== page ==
THE next few days will bring us the National Field Days at Borenore and very big crowds are expected to attend if the weather conditions stay favourable.
Since COVID restrictions are almost just a memory, we have seen full houses and gates closed at Randwick races and Henty Field Days, and visitors may be wise to go to the Orange Field Days at the first opportunity.
This is a great chance for the farming community to mix with peers, compare rainfalls and enjoy the interaction.
It's obvious that lots of people are coming out of hibernation and getting back to what we used to call normal.
Best foot forward
SEVERAL inquiries have been made in recent weeks about the likelihood of eradicating virulent footrot during the present conditions.
To see films of water lying on flat country on the Bland near Quandialla and of floods at Warren and Nyngan, it's obvious that any foot problems can only be controlled at best.
Not many livestock contractors are interested in this type of work and I guess that three men and necessary gear (including sheep handlers) will cost about $300 per hour plus travel.
Perhaps the meat trade will be an obvious answer.
RECENT RURAL NOTEBOOK COLUMNS:
Counting the cost
OCTOBER 2022 is surely giving us one of the best seasons in a lifetime and care is being taken with pulpy kidney vaccines for both cattle and sheep.
There are often more deaths in all livestock in good seasons than in bad and these losses can be costly when animals are valuable, as they are at present.
Red sorrel is showing up in improved pastures and this was always looked on as a sign of potassium and phosphorus deficiency.
Not much of this country will be top-dressed to address the problem as ground spreading will be risky in the medium term.
CHRISTINE and Greg Healey report a very good sale of Poll Dorset rams at their Mount Bathurst Stud sale last week: 65 hogget rams averaged $1680 and topped at $2750.
This sale again shows that this young stud now has a well-established clientele who have plenty of faith in the prime lamb industry.
The Oberon, Black Springs district is right at the heartbeat of the prime lamb industry and the Mount Bathurst Stud is now a respected member of the Poll Dorset sector.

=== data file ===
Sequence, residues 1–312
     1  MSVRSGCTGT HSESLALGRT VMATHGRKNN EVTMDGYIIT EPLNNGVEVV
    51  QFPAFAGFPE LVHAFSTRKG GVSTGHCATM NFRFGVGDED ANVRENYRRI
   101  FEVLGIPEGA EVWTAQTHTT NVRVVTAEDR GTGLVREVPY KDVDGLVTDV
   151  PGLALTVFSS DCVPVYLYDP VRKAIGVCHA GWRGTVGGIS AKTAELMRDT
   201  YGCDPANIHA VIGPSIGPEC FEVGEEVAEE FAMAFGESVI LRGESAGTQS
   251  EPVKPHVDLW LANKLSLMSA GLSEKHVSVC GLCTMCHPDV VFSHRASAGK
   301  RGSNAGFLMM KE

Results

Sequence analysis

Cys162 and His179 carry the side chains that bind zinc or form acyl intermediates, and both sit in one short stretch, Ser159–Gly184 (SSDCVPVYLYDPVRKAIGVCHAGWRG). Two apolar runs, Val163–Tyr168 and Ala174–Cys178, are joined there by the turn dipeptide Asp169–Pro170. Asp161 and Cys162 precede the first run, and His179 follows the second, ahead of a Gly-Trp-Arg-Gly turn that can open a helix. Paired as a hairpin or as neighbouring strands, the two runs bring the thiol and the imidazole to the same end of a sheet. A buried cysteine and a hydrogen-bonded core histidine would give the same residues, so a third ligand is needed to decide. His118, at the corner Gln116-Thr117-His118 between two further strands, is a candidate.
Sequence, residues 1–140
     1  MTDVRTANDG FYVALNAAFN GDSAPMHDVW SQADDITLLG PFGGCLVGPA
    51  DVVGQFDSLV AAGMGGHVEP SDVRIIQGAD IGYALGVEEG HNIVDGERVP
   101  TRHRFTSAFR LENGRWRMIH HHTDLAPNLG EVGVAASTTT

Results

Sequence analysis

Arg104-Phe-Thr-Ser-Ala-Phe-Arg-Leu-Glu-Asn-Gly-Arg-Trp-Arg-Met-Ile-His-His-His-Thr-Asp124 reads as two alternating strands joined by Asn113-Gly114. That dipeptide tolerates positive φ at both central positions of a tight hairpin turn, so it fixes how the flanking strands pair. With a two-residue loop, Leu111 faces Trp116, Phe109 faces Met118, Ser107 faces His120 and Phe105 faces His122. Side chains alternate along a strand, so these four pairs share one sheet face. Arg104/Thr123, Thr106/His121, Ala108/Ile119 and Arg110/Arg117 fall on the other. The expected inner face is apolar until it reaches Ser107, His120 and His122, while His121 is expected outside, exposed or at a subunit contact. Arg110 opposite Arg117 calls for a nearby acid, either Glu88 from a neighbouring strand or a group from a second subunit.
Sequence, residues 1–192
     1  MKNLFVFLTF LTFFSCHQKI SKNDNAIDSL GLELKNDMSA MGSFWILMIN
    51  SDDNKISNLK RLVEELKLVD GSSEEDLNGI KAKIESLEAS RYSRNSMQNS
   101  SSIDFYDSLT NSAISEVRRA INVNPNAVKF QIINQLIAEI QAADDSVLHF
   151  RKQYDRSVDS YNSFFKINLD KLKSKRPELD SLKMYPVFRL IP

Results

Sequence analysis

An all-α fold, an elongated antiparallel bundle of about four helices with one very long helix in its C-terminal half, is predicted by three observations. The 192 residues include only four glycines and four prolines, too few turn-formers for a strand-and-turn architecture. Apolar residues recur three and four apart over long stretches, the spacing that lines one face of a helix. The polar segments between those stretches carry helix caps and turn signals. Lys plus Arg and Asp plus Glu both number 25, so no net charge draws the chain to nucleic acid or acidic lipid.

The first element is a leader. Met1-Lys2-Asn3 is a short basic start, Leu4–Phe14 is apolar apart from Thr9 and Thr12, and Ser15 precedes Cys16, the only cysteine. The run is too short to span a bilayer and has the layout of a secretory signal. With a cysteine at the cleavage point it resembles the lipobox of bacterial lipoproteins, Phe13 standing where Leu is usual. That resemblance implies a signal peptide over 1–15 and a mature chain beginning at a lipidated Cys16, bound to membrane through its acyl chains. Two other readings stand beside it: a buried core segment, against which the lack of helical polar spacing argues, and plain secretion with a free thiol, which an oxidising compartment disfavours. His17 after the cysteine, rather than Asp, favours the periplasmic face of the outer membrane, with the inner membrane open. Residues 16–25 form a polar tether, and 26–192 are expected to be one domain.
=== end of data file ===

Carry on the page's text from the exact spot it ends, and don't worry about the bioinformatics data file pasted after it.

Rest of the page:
Make a dam start
THIS is certainly not the time to repeat mistakes that leaders of our country made in previous years, such as predictions of dry rivers, never-ending drought and empty dams.
Instead, the world rolls on and, at present, all the rivers run.
To me, it seems a waste of our scarce resources to let trillions of litres of fresh water simply run away when our modern engineers have access to everything needed to build giant new dams.
We know that some Australians will object to any new development, but surely our water resource management is too important to be ignored.
JUST a little bit of politics:
- Did our country forget to thank Scott Morrison and Gladys Berejiklian for their leadership during the worst years of the COVID pandemic? Perhaps our current leaders may remember soon.
- Mayor Robert Taylor (and sometimes his deputy) continues to be the spokesperson for Bathurst Regional Council. This saves much confusion that happens if other councillors have free rein.
- If a high profile Labor candidate for Bathurst can be found and their prime policy plank was to obtain state finance for Hereford and Gilmour streets, and a replacement low level bridge, it could be game on.
- Tonight: Perthville Development Group AGM, 7pm, Perthville Convent.
- Today: Capree Newbridge; 60 Merino rams, 11 working dogs.
- Friday, October 21: Blink Bonnie, Tarana; 70 hogget rams and 600 store sheep.
- Sunday, October 23: Fosterfield Finewools, Dunkeld; 40 rams.
- Saturday, November 5: Pomanara fine and superfine rams at Sallys Flat.
AFTER a downward slide for the past three months, the Australian wool market's fortunes reversed last week in the week 15 sales series.
With much lower quantities and a week where the US dollar strengthened markedly against its Aussie counterpart by four per cent, the wool market lifted 36ac/kg (up 2.91 per cent) in Australian terms and dropped 10usc/kg, thus showing the impact a strong US dollar can have on our wool market.
Our wool looks cheap in US dollar terms, and this is ultimately buying in demand from China.
The main movers were 17.5 micron and broader, which were 20-50c/kg dearer for the week.
Better style, low vegetable matter wools were most affected.
Crossbreds showed a green number, lifting around 10c/kg for the week.
Wet weather and flooding continues to have an impact on supply.
Week 16 sees an early estimated offering of 35,000 bales Australia-wide.
Richard Butcher, Nutrien Wool
TWO little farm boys, both five, were checking their navels.
"When you are born, they cut it short, tie it, and tape it flat," one said. "That's so you don't go pssssst and go flat."
DAD watched his neighbour digging a huge hole and was told it was for a deceased cat.
"Why such a big hole for your small cat?" he asked.
"Because it's inside your damned Alsatian," he was told.
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